Rosters weren’t set, but there was still a lot of speculation.
After days of speculations and leaks about the future of Olympic participation, the NHL has officially announced that players will not be going to Beijing, and that there will be no Olympic Break. Games that have been postponed will be made up during that time.
With the National Hockey League’s regular-season schedule having been materially disrupted as a result of increasing COVID cases and a rising number of postponed games, the National Hockey League announced today that NHL Players will not participate in the 2022 Winter Olympics in Beijing.
“The National Hockey League respects and admires the desire of NHL Players to represent their countries and participate in a ‘best on best’ tournament. Accordingly, we have waited as long as possible to make this decision while exploring every available option to enable our Players to participate in the 2022 Winter Olympic Games,” NHL Commissioner Gary Bettman said. “Unfortunately, given the profound disruption to the NHL’s regular-season schedule caused by recent COVID-related events — 50 games already have been postponed through Dec. 23 — Olympic participation is no longer feasible. We certainly acknowledge and appreciate the efforts made by the International Olympic Committee, the International Ice Hockey Federation and the Beijing Organizing Committee to host NHL Players but current circumstances have made it impossible for us to proceed despite everyone’s best efforts. We look forward to Olympic participation in 2026.
“Our focus and goal have been and must remain to responsibly and safely complete the entirety of the NHL regular season and Stanley Cup Playoffs in a timely manner. Therefore, with stringent health protocols once again in place, we will begin utilizing available dates during the Feb. 6-22 window (originally contemplated to accommodate Olympic participation) to reschedule games that have been, or may yet be, postponed.”
The league has made this announcement very NHL and North America centered, but another concern for the league and players had to have been China’s draconian quarantine policy. All players save for Tyler Bertuzzi are vaccinated, so they could skip the 21 day quarantine before the games, but if they test positive while in Beijing there’s a rumored five-week quarantine period before being allowed to leave. At the very least, athletes who test positive will be taken to Chinese state designated medical centers for treatment, which more than likely makes the NHL very uneasy about allowing athlete participation.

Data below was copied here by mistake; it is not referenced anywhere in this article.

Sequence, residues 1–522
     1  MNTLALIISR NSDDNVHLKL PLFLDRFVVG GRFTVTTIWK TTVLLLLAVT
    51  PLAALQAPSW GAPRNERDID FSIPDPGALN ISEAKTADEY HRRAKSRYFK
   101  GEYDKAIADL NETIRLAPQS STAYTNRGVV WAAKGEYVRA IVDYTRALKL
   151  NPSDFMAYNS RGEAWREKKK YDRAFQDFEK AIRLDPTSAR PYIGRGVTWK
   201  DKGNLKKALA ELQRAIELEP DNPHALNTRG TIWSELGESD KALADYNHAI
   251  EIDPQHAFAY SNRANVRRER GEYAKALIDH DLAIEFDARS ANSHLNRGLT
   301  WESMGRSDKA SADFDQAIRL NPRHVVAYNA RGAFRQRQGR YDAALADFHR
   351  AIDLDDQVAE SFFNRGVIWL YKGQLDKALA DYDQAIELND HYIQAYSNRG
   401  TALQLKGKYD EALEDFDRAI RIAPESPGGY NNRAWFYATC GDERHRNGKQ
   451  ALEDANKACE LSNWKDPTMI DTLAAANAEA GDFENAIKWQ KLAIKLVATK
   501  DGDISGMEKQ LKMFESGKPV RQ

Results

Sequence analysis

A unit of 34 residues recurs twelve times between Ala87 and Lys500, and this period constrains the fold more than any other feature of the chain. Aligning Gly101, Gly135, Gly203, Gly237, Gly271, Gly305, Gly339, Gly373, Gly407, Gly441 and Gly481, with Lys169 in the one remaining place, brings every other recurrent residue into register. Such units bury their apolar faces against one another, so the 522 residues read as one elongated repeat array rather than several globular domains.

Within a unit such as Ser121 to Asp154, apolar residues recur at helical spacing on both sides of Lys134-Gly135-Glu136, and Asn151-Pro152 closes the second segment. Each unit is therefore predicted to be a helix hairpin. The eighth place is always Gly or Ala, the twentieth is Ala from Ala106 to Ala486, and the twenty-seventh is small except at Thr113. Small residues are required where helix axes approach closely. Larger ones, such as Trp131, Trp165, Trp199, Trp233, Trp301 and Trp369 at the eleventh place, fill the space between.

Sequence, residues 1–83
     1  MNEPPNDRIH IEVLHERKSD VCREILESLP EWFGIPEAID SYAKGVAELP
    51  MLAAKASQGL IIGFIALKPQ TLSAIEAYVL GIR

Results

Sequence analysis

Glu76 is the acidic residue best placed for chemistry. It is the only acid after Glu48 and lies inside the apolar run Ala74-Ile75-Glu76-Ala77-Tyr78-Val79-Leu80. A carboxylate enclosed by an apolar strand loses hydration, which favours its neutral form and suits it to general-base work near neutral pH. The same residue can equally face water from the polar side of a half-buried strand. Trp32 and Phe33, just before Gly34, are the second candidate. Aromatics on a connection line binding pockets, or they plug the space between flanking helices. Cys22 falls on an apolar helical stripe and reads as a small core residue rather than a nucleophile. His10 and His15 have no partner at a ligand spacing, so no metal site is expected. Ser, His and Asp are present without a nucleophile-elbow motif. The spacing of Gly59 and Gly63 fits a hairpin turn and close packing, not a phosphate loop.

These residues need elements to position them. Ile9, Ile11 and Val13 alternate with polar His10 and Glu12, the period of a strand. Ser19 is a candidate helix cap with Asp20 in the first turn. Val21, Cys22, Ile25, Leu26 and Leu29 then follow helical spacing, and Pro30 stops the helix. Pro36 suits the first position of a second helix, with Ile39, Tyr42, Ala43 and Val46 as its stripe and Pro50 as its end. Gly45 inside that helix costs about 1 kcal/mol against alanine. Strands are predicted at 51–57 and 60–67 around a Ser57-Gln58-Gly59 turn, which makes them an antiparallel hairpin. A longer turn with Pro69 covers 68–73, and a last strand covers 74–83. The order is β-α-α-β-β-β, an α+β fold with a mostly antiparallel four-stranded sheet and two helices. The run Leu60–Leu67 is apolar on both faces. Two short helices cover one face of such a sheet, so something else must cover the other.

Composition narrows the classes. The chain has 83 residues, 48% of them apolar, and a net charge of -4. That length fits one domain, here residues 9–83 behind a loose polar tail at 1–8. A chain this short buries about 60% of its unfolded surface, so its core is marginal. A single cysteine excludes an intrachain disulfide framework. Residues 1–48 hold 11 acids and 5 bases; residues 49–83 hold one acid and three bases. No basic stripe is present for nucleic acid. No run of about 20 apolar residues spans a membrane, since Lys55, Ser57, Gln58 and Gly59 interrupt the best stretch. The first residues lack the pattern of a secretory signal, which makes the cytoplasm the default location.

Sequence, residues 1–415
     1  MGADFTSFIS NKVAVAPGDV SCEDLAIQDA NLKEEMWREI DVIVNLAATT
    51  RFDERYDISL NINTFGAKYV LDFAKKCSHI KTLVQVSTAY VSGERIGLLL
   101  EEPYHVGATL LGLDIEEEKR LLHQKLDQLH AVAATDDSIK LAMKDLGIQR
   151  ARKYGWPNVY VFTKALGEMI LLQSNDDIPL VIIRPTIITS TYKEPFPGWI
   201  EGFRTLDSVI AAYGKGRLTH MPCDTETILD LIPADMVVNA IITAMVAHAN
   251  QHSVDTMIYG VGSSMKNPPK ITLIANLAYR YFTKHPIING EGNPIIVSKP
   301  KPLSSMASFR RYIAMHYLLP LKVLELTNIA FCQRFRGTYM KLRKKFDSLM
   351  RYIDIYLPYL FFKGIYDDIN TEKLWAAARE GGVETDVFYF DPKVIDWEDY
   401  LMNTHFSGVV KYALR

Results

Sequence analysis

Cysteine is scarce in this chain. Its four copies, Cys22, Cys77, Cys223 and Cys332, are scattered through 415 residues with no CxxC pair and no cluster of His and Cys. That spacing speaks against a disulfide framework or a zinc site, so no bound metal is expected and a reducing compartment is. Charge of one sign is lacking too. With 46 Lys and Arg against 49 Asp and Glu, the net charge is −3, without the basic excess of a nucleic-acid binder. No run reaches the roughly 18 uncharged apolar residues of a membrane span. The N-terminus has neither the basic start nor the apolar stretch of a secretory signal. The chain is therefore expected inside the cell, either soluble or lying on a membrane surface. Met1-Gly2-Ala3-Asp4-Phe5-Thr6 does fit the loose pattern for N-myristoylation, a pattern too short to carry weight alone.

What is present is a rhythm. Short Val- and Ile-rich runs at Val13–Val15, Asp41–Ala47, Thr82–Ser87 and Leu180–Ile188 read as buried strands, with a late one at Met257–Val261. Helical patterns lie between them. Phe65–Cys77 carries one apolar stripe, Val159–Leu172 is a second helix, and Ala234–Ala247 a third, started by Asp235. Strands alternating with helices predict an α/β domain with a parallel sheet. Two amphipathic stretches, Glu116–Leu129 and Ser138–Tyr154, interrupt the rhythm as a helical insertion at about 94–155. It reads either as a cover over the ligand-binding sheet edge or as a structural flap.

Players are disappointed, and rightfully so. They were unable to participate in 2018’s games in PyeongChang, and for some, this could be their last opportunity to skate with their national team. As Steven Stamkos told The Athletic (subscription required):
“Any time you can put on your respective country’s jersey in a best-on-best event, there’s really no feeling like that. So it’s difficult. Whether I was going to be on the team or not, this was my third legitimate chance of playing in the Olympics and here I’m not going to play a game. It sucks when you look at it like that. At the same time, there’s not much we can do. That’s the way it goes sometimes.”
That’s the dominant feeling – this sucks, it’s unfortunate, but it’s the right call.
As far as Blues’ potential participants in the games, it looks like Jordan Binnington would be the player most likely to lose out. He has been rumored to be on Team Canada’s shortlist for goaltenders, and with the Doug Armstrong connection, very well could’ve made the cut. At 28 years old, he should still be on the short list for the 2026 games in Milan.
At 30 years old, Blues captain Ryan O’Reilly should also still be available to play in the next Winter Olympics should Team USA call on him. The same goes for Vladimir Tarasenko, who should still have one more shot to play for the Russian team. Pavel Buchnevich as well should be fine for the next go-round.
The biggest issue is that this, yet again, limits the exposure of the NHL to the world. It’s difficult enough to have the sport of hockey be talked up and publicized with games airing live at 3 AM, but it’s even harder to advertise the game with 3 AM start times and zero recognizable current stars. Right now, the league has to worry more about the health and safety of their players – and their ability to begin play after break.
“I think it’s disappointing, but it’s reality. The guys that are going, and our general manager (Doug Armstrong) managing the team, it’s disappointing for me to think about some of our guys not going or our general manager not being able to participate in the Olympics. It’s a great honor to be able to go. But the fact is, this COVID, it’s everywhere, and the NHL has got to do what they’ve got to do.”
That’s the pandemic in a nutshell – disappointing, but reality.